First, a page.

Sarah’s successful debut thriller A Voice in the Night (see our previous interview here) is being followed by an historical fiction manuscript, The Dilemma. Clearly she’s a versatile author. We discuss the differences between the genres, especially the level of research required to write a period piece. Join us to find out more about her writing process.
Can you please share the blurb for The Dilemma?
1958. Esme, a novelist, finds a potential new literary project. A housemaid named Clara was convicted of murder, perhaps unjustly, amid the ending of World War II and the liberation of Guernsey from Nazi occupation. Esme’s trip to Guernsey is an opportunity not only to research the case, but to learn more about her mother’s family—as well as to heal from the heartbreak inflicted on her by the man she loved…
1915: A teenager marries her childhood sweetheart before he heads off to fight in the Great War. But he doesn’t come back, and Jane, presumed a widow, flees Guernsey—devastated by her loss. In London, Jane finds a new life and a new husband—but her past isn’t done with her yet.
This absorbing novel follows the parallel paths of two generations of women, and as each is faced with painful decisions and shocking discoveries, a question emerges: Can a lie be forgiven when the truth seems too much to bear?
Your first published novel was a thriller, A Voice in the Night. What made you switch to historical fiction?
The Dilemma started life as a contemporary novel, but I found that the premise just didn’t work in a modern-day setting. Firstly, my protagonist’s choices made her unlikeable and secondly, in a world of social media and instant communications the storyline lacked credibility. I decided to move it to a time period and circumstances which would make more sense and hopefully allow for more reader empathy with the character’s ‘dilemma’.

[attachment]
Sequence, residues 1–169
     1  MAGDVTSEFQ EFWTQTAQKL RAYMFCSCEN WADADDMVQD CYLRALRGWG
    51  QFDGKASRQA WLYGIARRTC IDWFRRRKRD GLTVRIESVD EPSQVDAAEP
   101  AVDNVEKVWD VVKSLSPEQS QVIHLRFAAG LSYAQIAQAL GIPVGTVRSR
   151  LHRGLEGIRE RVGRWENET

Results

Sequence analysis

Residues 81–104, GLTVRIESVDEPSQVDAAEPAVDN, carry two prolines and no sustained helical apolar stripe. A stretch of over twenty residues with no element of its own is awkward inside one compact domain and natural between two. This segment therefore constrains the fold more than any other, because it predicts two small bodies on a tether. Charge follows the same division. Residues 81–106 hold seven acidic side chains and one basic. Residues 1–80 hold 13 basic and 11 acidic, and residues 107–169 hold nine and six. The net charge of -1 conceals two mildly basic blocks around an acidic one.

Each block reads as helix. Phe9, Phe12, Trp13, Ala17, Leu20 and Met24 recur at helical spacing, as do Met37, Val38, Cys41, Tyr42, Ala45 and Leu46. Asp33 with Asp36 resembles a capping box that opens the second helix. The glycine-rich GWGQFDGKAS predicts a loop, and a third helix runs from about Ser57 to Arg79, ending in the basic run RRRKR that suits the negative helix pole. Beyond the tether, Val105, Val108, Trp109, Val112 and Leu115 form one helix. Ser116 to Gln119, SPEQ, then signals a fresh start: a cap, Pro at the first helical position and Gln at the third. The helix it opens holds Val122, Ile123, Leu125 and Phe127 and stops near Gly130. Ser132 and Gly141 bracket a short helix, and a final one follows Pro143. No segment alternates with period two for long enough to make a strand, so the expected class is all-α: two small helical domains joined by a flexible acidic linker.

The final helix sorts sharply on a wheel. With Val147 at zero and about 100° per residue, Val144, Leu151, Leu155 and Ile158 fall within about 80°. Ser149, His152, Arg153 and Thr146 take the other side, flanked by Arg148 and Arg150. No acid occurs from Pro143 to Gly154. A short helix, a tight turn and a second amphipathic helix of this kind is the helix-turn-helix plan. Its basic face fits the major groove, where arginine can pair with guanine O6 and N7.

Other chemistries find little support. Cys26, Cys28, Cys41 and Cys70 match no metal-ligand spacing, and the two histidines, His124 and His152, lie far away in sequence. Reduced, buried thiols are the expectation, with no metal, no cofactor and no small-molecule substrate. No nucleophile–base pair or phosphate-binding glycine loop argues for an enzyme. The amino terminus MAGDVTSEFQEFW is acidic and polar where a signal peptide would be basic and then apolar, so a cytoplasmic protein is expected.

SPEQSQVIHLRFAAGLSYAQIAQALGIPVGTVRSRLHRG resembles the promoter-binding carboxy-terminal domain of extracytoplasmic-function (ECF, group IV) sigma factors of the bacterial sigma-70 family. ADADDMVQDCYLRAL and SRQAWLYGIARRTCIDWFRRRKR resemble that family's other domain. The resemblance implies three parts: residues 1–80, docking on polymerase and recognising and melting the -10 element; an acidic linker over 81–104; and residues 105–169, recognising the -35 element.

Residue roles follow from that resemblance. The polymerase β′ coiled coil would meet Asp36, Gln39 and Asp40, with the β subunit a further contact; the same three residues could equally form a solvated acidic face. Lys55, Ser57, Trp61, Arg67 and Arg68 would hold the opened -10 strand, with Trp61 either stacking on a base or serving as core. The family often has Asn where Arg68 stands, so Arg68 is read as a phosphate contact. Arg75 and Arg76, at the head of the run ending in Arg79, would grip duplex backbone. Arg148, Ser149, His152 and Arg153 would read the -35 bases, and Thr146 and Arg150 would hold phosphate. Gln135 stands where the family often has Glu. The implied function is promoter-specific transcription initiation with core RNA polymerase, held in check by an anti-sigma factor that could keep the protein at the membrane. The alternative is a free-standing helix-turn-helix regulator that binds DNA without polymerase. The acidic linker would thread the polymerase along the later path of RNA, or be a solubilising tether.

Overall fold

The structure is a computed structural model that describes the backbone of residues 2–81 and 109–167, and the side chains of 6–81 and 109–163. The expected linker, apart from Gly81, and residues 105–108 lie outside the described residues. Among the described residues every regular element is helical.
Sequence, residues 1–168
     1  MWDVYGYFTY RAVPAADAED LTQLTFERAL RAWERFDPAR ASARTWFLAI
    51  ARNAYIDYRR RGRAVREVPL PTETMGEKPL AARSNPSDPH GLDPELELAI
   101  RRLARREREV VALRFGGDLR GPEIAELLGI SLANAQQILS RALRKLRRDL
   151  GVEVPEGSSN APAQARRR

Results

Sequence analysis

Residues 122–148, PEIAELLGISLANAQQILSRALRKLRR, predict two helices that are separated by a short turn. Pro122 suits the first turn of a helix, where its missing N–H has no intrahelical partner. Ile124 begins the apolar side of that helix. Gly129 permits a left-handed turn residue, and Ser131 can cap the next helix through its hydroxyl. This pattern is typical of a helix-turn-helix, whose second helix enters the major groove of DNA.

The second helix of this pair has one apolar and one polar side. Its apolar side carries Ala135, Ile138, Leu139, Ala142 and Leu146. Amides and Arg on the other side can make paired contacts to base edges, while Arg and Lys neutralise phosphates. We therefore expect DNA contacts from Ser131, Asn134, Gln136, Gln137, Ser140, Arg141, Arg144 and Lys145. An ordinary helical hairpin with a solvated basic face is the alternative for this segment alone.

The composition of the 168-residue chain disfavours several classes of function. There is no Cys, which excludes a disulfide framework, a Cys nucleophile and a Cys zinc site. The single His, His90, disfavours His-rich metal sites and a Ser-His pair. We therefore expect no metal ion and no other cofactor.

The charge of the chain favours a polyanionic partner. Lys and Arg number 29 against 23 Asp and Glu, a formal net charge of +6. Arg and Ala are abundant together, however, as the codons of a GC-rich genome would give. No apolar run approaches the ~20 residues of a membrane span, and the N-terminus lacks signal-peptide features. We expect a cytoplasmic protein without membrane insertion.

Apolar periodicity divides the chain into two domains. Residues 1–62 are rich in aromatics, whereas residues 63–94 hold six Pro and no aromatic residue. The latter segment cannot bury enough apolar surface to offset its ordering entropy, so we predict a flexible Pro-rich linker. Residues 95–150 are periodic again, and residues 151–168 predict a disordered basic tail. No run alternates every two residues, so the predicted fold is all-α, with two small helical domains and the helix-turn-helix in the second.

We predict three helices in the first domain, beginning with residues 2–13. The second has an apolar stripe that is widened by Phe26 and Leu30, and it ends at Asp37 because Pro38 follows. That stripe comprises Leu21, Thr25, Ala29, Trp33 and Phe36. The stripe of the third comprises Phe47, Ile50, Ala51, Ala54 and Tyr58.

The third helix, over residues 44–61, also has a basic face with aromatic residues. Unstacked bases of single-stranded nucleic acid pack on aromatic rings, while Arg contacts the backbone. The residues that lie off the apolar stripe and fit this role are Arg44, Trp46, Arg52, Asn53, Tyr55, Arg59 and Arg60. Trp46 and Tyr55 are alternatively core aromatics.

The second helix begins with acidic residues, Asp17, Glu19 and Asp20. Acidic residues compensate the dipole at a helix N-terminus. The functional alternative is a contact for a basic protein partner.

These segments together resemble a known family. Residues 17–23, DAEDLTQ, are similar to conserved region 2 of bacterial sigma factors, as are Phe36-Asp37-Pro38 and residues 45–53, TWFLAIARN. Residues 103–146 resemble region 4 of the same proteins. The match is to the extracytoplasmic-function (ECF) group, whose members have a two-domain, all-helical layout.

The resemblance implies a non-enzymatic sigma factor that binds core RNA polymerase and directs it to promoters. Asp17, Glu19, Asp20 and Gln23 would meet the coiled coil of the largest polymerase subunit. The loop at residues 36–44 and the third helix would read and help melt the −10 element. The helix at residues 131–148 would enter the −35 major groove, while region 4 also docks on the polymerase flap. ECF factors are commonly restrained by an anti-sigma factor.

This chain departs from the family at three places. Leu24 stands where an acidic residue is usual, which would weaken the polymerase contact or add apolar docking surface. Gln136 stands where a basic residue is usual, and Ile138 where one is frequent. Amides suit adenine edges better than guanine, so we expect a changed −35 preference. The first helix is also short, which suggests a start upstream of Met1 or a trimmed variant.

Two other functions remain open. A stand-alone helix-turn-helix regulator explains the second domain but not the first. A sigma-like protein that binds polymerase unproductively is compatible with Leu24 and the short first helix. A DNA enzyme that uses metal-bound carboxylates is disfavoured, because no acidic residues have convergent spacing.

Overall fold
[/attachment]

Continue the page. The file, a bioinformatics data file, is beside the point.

What were the biggest similarities/differences between the genres?
Similarities included structuring the novel to have unexpected twists and turns, maintaining pace and energy, and providing a surprise at the end.
As for differences, I found the depth of research required went far deeper and was much more time-consuming. In almost every paragraph I had to stop and check something – a piece of music, a make of car, the use of a particular word, a bus route, fashion style, cost of a cup of tea … it seemed endless! And that was aside from the bigger historical context of WW1, WW2, peacetime between wars and other milestone events – the stockmarket crash, the depression, change of governments, technological advances.
I’d always wanted to visit the Channel Islands and when the opportunity came for a holiday (pre-Covid) I thought it would be fun to include it as one of the locations in The Dilemma. As the book progressed however, Guernsey became more focal, and so I extended my time there to allow for more ‘on the ground’ research.
What sort of research did you do?
Initially I trawled around Google but there wasn’t a lot online for the time periods. Then I discovered the Ward Lock travel guides – marvelous guidebooks for intrepid travelers of the time, and I found the 1924 and the 1956 versions which became my bibles. They had fold-out street maps and listed everything you could possibly wish to know – the cost of a stamp, how to join the library, the bus routes (described as ‘devious’ which I couldn’t resist including in the book!), walking tours, ferries, hotels and lots of advertisements. I also joined a couple of Guernsey history Facebook sites and got lots of help and advice from locals, particularly one fellow, Alan Solway.
What did you do on your visit to Guernsey?
When we arrived in Guernsey, Alan offered to show us around. For two days he took us everywhere and was a mine of information. I also met with locals wherever I could, in particular staff at venues which featured in the book. I was blown away by the generosity shown to me. Everyone went out of their way to open up archives, share materials and photos, etc. And I spent hours in the local libraries trawling through newspapers of the time.
What drew you to explore the parallels between a mother and her daughter’s lives?
That was not so much a conscious decision as the way the book evolved. I hadn’t intended to draw parallels, so it was interesting how in different ways the two women actually experienced similar issues – even if they didn’t recognise it in themselves.
Spoiler alert. Skip this question if you haven’t read the book yet. What drew you to explore the dilemma?
My starting point had always been an interest in exploring what would cause a woman to commit bigamy – how could it be justifiable? My initial research unearthed very few cases of female bigamy – it is largely a male phenomenon which made it all the more intriguing. But as I said earlier, the early drafts were problematic, and it took quite a few re-workings to hit on a logical, acceptable context.
The Dilemma gave me an appetite for research and so I’ve another work of historical fiction in the wings. But I enjoyed thriller-writing too, so watch that space as well!
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Next time: an interview with Sara Adrien on The Jewellery Competition and her latest release.